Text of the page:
for use in an advanced class in oceanography or in paleoseismology/seismology. It may also be done over a longer time (1-2 weeks) for an intro oceanography class.

There is an optional discussion suggestion at the end of this mini-lesson. You can take advantage of tidal gauge data from around the world to discuss global sea-level changes that may be related to climate change, and compare these to local sea-level changes that are related to tectonic activity.

Another activity suitable for the first task is to ask students to use GeoMappApp (available as a free download here
http://www.geomapapp.org)
to zoom in on Sumatra. I can provide an Excel spreadsheet to import into the program to plot the locations of different islands and of the locations of corals sampled.

Yet another activity -- find modern GPS data from Sumatra and compare it to the historical vertical data.

And one more .... under the Tectonics Observatory website (http://www.tectonics.caltech.edu/) there are several popular news articles related to the coral study and other Sumatra studies that are being used to assess the likelihood of future earthquakes in the region. This one, from Science News, is good:
http://www.sciencenews.org/view/generic/id/39276/title/Reef_record_suggests_impending_Sumatra_quakes
Students can read some of this material and summarize article(s).

Description and Teaching Materials

Please see the attached file of the assignment, plus the attached figures (you may want to print out multiple copies of the coral figures 2 and 3 so students can hand in a clean final project).
Tools needed:
1) Figures 1–4 (including a location map) are included with this lab. You will refer to and annotate the coral figures to answer the following questions.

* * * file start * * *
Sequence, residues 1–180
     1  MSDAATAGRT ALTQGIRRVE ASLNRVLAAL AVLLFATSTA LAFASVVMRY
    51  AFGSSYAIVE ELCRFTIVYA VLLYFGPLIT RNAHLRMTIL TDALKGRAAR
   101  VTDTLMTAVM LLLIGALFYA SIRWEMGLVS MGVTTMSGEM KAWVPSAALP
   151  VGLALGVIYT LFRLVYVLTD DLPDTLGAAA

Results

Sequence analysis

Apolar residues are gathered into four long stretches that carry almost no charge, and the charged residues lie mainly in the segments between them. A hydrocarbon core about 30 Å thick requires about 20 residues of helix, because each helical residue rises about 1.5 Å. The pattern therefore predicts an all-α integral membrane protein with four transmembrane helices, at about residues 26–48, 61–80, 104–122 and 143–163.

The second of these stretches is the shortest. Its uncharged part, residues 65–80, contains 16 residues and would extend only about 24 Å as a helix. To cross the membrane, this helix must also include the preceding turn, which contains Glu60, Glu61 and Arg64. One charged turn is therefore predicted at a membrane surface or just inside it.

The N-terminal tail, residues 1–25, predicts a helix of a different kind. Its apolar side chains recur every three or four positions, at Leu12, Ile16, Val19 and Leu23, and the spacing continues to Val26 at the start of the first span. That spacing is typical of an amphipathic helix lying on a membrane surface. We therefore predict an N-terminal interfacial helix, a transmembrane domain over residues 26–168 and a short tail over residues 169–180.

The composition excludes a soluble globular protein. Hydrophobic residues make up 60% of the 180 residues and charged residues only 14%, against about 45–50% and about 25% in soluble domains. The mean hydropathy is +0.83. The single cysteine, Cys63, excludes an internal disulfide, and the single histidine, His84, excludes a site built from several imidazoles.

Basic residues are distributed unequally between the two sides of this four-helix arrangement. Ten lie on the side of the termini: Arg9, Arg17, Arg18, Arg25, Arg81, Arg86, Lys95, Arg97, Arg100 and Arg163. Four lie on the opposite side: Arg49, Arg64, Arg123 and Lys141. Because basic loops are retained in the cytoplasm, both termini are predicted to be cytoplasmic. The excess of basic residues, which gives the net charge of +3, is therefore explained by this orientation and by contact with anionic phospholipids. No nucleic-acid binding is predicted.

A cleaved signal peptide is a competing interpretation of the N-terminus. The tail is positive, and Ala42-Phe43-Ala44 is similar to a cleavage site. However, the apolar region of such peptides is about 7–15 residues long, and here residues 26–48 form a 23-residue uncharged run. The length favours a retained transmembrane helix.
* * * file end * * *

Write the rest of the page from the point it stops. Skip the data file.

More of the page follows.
2) Colored pencils, ruler, and calculator

Assignment handout with overview and questions (Acrobat (PDF) 884kB Apr27 11)
Figure 1 -- Location Map -- Sumatra (Acrobat (PDF) 2.4MB May28 09)
Figure 2 -- Coral Head Bai (Acrobat (PDF) 293kB May29 09)
Figure 3 -- Coral Unconformities (Acrobat (PDF) 518kB May29 09)
Figure 4 -- Two Corals (Acrobat (PDF) 540kB May28 09)

Teaching Notes and Tips

Use part I in class as an introduction, explaining how corals grow and how the growth rings record inter- and co- seismic motions.
Teachers can contact me for an answer sheet, which I am happy to provide.

Assessment

I plan to give an introduction to this assignment in class, and leave them on their own to start graphing. I will walk around the room and see where they need extra help and then make clarifying remarks for the whole class. Students should be able to finish the assignment either in class or on their own after class time. I plan to weight the interpretation questions more heavily, because the graphs are sure to vary from student to student. As long as the general graph appearance is fine (trends are consistent with the "answer"), then it should be considered correct.
Also, I think the optional discussion at then end will provide a means of seeing if students grasp global vs. local records. Where else in the world could this type of earthquake measurement be done? (where do corals like this grow?)

References and Resources

http://www.tectonics.caltech.edu/outreach/highlights/sumatra
http://www.tectonics.caltech.edu/outreach/highlights/sumatra/coral.html

See more Mini-Lesson Collection »


« What Goes into Making Volcanic Arc Magmas, and How Do We Know It?       A tour of the Mariana Subduction System »